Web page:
Otiumberg Ethical Marketing Policy
Last revised August 2023.
Why Ethical Marketing?
In line with achieving B-Corp certification, we aim to ensure that Otiumberg operates as ethically as possible in every aspect of our business, and this includes our approach to marketing.
We believe that all marketing efforts should provide genuine value to the target audience in order to earn their attention and their trust. Our strategies are based on a foundational belief that marketing should be honest and that marketers should not take advantage of anyone’s personal data.
Our policy statement below lays out the ethical marketing practices we follow at Otiumberg and the commitments we have made to ensure that our marketing activity meets or exceeds the highest ethical standards of our industry.
We Commit to Honesty in Marketing
As ethical marketers we commit to absolute honesty in our marketing for our own campaigns and for customers and partner driven projects.
We pledge to:
- Never use dishonest marketing tactics for our marketing campaigns, including:
- False advertising: exaggerating values and benefits of our products
- Post fake reviews or testimonials
- Never withhold negative information or data from the public solely to protect our image
- Only use words that are realistic descriptors of our products
Ongoing Project-Based Reflections
It is easy to claim that our efforts are honest, however it takes discipline and at times internal conflict to ensure honesty in marketing. We ask ourselves the following questions during campaign strategy and execution:
- Are we clearly communicating our product’s value without exaggerating or misleading our audience?
- Are we using language that honestly communicates the features and benefits of our products?
- Are we accurately quoting our customers and press when we share reviews or testimonials?
- Is our use of data and examples honest and accurate when promoting our features, benefits, or the impact of our products?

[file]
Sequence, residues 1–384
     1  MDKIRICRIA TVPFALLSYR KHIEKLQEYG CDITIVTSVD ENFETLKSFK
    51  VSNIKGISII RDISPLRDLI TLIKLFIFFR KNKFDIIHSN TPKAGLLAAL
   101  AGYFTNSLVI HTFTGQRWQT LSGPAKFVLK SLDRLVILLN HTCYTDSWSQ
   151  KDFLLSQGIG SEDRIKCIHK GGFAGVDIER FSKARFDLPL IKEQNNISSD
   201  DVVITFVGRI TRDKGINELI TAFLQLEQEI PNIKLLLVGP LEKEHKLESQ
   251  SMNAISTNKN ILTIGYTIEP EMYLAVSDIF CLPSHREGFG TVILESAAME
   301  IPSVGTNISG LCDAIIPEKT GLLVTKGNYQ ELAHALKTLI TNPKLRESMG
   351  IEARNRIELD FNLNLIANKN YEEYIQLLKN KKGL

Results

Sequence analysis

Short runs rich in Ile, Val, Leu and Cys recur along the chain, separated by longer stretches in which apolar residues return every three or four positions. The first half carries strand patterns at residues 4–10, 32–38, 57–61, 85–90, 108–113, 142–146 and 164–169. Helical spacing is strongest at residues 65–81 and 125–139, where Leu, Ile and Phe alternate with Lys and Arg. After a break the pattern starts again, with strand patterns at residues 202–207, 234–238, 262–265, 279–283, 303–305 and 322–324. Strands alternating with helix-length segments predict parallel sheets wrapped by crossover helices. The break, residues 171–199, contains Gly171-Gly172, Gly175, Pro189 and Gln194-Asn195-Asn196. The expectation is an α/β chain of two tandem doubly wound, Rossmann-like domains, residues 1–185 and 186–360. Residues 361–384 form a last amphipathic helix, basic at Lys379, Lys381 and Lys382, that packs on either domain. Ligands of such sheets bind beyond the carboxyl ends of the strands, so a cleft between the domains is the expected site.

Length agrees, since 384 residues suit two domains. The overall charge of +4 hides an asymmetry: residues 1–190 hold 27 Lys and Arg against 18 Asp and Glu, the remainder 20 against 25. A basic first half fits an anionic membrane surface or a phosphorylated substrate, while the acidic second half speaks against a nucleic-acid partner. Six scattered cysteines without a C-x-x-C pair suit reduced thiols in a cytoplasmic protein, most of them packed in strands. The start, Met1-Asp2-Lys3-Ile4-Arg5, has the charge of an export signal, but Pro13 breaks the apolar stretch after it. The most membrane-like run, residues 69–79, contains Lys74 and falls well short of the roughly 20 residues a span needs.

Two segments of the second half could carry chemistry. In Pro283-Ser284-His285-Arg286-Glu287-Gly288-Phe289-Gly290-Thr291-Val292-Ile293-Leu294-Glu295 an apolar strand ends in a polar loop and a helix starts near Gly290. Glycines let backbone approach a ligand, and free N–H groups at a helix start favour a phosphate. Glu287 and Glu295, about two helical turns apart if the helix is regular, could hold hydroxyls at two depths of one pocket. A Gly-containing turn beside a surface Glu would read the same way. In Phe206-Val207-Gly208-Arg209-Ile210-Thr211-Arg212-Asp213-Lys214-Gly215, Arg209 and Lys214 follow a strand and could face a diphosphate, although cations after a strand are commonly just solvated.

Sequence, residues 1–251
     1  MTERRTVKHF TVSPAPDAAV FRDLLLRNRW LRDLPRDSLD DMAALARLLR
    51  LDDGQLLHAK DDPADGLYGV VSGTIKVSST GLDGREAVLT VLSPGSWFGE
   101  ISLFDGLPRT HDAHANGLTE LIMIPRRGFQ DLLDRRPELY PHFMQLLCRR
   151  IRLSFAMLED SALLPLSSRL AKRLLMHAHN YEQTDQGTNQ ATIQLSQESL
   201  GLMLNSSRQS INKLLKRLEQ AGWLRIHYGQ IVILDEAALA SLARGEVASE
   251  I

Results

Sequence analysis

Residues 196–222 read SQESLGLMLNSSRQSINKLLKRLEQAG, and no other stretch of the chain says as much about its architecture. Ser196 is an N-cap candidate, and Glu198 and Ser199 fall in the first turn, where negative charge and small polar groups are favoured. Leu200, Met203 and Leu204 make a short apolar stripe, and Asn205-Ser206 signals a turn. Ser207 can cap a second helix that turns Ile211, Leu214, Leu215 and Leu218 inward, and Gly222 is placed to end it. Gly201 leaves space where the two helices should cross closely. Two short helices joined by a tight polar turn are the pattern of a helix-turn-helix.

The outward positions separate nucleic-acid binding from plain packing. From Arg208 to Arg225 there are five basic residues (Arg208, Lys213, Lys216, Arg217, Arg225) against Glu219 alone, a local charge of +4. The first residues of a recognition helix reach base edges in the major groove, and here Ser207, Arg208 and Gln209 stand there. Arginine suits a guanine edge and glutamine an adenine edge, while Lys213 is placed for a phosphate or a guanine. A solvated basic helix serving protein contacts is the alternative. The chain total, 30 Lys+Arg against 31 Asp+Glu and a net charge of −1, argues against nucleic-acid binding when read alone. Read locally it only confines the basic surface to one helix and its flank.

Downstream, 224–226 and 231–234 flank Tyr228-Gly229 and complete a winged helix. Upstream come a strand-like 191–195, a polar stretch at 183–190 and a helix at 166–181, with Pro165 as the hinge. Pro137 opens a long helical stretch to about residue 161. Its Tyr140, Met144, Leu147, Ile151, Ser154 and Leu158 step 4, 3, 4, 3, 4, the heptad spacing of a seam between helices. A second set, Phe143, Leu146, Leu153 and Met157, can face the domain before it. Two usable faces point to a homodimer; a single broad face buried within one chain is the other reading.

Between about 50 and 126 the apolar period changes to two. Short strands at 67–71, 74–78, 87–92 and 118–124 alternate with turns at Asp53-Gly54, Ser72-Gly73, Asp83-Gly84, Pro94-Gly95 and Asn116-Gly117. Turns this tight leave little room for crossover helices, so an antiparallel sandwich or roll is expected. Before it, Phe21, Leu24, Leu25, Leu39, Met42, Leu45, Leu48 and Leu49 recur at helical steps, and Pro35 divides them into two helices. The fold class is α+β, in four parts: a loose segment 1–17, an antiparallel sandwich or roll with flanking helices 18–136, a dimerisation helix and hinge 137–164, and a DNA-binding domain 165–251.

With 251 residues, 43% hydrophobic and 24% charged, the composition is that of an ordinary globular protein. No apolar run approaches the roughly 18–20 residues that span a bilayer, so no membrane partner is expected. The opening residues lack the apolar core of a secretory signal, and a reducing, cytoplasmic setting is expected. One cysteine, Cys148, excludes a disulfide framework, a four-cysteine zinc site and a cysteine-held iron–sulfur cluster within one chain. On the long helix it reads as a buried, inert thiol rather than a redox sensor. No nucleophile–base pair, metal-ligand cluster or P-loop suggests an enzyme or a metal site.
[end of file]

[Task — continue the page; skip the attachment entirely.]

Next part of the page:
We Commit to Rejecting Impact Washing
As a responsible brand this is a point of particular relevance. Impact washing is similar to greenwashing and happens when a business exaggerates their positive impact to gain a marketing advantage or uses “feel good” marketing to cover up or distract from negative outcomes that their core business model is having in other areas–socially or environmentally.
Impact washing is a broad topic that includes:
- Exaggerating impact by inflating numbers, cherry-picking data, or focusing on stories that aren’t representative of overall outcomes;
- Communicating false promises or making unrealistic claims about expected results;
- Sharing stories or creating impact initiatives that aren’t rooted in an authentic mission or intention for good–but purely for the marketing benefits;
- Using a social impact initiative to distract from negative social or environmental problems caused by their core processes, products, or services.
We pledge that our campaigns:
- Are fully honest and transparent about the social and environmental impacts of our company.
- We will always strive to own our failures and mistakes
- Review marketing and communications strategies and tactics to ensure that they are not engaging in impact-washing.
We Commit to Cultural Sensitivity in Campaign Creative
Many marketing campaigns and messages have the potential to be insensitive. It takes a combination of self awareness and inclusion of others in the creative process to avoid marketing campaigns that are insensitive.
Our Marketing Projects Will Avoid the Saviour Complex
Sometimes well-intentioned people target a perceived need for support without including and empowering the affected community. They may use their access to resources to provide a solution solely from their external position of privilege. This approach can be characterised as a saviour complex and resulting communications, solutions, and power dynamics are often problematic and reinforce systems of oppression.